Poke The Box. Just do it in private.
Ian Lurie Jun 1 2011
“Are you OK sir?”
The guy next to me at SeaTac gate S8 was eyeing me dubiously as I sat reading Seth Godin’s Poke The Box. I’d just finished yet another passage that made me think “Hell YES!” Apparently, I was also nodding vigorously. My inner monologue was showing. It creeped out my fellow traveler.
He didn’t call the TSA. Instead, he called me ‘sir’. Sir? SIR? Should I get my walker?!
Take this story as a warning: Reading Poke The Box while conscious, thinking and/or breathing may lead to strong feelings of “Hell yeah” and “Damn right”. It may also get you off your ass. If you’re leading a large, publicly-traded company or a political party, avoid this book at all costs.
Otherwise, read it in private, or people may think you’re nuts.
Like many of Seth Godin’s books, Poke The Box (PTB) is a series of small, digestible ideas written to inspire. As he explains, he’s not providing a blueprint or a map—that’s your job. He’s explaining why it’s so important that you make things happen. He encapsulates that idea in the first of several great quotes in this book:
“Please stop waiting for a map. We reward those who draw maps, not those who follow them.”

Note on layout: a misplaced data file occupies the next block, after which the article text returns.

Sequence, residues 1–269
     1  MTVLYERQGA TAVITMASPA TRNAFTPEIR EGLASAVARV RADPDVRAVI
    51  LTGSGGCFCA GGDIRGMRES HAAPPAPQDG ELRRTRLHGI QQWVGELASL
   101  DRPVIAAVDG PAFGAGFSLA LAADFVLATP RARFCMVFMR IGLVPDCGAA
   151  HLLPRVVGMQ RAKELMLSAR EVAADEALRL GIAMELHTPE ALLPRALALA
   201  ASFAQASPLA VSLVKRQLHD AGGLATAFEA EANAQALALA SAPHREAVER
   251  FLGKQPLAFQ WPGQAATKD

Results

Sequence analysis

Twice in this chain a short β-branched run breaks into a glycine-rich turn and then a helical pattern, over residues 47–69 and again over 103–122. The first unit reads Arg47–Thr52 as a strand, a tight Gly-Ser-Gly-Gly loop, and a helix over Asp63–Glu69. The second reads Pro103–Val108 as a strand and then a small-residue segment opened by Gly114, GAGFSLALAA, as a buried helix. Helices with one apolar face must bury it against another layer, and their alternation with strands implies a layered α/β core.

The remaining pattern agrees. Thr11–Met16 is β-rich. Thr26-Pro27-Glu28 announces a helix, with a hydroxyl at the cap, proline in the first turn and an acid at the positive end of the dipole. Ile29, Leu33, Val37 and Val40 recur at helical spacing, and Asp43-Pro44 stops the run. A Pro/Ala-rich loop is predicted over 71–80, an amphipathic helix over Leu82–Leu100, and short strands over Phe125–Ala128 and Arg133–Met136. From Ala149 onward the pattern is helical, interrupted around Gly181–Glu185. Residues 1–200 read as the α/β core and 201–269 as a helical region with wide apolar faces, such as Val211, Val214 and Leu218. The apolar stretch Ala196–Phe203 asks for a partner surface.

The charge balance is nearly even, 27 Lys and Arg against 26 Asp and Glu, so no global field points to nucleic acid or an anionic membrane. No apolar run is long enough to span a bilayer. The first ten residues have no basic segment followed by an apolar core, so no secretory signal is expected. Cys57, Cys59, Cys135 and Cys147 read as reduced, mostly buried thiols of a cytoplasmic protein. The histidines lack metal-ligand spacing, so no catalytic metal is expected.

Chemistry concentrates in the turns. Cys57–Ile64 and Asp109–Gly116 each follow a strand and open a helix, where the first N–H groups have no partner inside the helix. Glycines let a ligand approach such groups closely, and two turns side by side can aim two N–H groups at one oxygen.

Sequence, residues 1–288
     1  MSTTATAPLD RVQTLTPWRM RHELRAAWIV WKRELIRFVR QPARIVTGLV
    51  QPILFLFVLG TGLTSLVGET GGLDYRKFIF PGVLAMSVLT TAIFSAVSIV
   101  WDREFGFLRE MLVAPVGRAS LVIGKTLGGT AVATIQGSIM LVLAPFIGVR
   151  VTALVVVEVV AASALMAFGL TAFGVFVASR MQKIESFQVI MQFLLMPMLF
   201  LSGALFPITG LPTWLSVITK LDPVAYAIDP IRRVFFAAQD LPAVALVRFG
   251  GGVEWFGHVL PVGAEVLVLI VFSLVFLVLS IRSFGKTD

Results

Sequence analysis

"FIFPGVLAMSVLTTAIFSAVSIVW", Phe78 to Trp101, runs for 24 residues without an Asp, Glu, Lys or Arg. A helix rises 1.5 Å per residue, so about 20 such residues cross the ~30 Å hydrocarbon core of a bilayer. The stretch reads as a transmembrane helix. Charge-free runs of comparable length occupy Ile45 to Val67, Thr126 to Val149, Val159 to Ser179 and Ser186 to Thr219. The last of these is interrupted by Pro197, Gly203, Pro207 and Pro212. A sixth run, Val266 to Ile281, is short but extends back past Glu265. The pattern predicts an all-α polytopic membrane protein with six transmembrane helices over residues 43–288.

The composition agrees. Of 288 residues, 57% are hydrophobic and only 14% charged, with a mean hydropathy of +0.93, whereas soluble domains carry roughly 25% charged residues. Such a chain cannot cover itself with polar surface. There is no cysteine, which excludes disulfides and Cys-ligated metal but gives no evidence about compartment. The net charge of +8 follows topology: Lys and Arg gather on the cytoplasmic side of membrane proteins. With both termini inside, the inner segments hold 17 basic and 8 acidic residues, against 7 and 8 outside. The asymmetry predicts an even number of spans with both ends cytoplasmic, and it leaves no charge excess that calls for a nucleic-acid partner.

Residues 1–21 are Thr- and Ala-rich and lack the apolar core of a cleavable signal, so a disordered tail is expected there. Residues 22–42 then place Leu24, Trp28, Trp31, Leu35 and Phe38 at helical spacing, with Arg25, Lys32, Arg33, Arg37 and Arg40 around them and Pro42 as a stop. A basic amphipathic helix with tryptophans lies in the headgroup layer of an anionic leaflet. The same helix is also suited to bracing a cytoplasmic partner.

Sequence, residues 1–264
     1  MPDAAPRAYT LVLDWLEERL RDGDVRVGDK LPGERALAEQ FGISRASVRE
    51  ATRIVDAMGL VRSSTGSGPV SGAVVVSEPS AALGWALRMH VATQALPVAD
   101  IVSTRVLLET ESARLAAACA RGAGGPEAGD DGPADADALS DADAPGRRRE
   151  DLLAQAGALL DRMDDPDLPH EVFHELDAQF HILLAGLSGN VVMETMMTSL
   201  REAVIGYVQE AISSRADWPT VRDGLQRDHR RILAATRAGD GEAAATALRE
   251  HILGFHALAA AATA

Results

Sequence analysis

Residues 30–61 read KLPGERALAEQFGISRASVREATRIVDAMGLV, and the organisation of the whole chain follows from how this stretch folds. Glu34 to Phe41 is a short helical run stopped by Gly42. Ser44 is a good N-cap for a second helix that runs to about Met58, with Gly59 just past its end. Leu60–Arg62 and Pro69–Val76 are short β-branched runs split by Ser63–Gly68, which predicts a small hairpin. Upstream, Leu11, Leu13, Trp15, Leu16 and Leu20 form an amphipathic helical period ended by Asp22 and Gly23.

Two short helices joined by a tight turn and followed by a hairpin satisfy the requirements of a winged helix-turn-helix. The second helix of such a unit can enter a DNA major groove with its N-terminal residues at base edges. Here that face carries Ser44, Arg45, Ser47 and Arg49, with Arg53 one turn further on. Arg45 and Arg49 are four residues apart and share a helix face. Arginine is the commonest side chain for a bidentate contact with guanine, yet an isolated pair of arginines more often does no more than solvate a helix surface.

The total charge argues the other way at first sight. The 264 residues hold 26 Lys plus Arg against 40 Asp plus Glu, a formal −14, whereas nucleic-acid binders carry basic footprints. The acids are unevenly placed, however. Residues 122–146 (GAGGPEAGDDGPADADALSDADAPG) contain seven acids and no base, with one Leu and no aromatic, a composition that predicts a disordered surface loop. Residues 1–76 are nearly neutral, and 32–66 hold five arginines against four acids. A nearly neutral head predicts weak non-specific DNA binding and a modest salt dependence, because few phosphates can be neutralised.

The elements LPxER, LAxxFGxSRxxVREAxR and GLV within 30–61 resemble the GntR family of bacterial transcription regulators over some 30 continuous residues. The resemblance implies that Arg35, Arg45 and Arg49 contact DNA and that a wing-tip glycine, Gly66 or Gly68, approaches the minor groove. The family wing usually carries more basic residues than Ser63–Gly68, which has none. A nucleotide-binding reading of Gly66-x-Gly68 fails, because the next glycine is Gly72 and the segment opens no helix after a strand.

And about adaptation:
“Part of initiating is being willing to discover that what you end up with is different from what you set out to accomplish. If you’re not willing to discover that surprise, it’s no wonder you’re afraid to start.
Later on, he writes about the moral obligation to start:
“_Once you’ve engaged with an organization or a relationship or a community, you owe it to your team to start. To initiate. To be the one who makes something happen._
To do less is to steal from them.“
SAY IT BRUTHAH!!!!! TESTIFY!!!!!!!!
I won’t say that Poke The Box broke new ground for me. If you’re the target audience, it won’t be revolutionary for you, either. Instead, it will reinforce values you probably already have:
- Change is important.
- Without it, the best organization dies.
- You have to innovate. Have to. It’s not an option, it’s a moral imperative.
If you’re not the target audience, read Poke The Box, and you might join it. Read this book and you’ll want to create a ruckus.
And that’s good.
CEO & Founder
Ian Lurie is CEO and founder of Portent. He's recorded training for Lynda.com, writes regularly for the Portent Blog and has been published on AllThingsD, Forbes.com and TechCrunch. Ian speaks at conferences around the world, including SearchLove, MozCon, SIC and ad:Tech. Follow him on Twitter at portentint. He also just published a book about strategy for services businesses: One Trick Ponies Get Shot, available on Kindle. Read More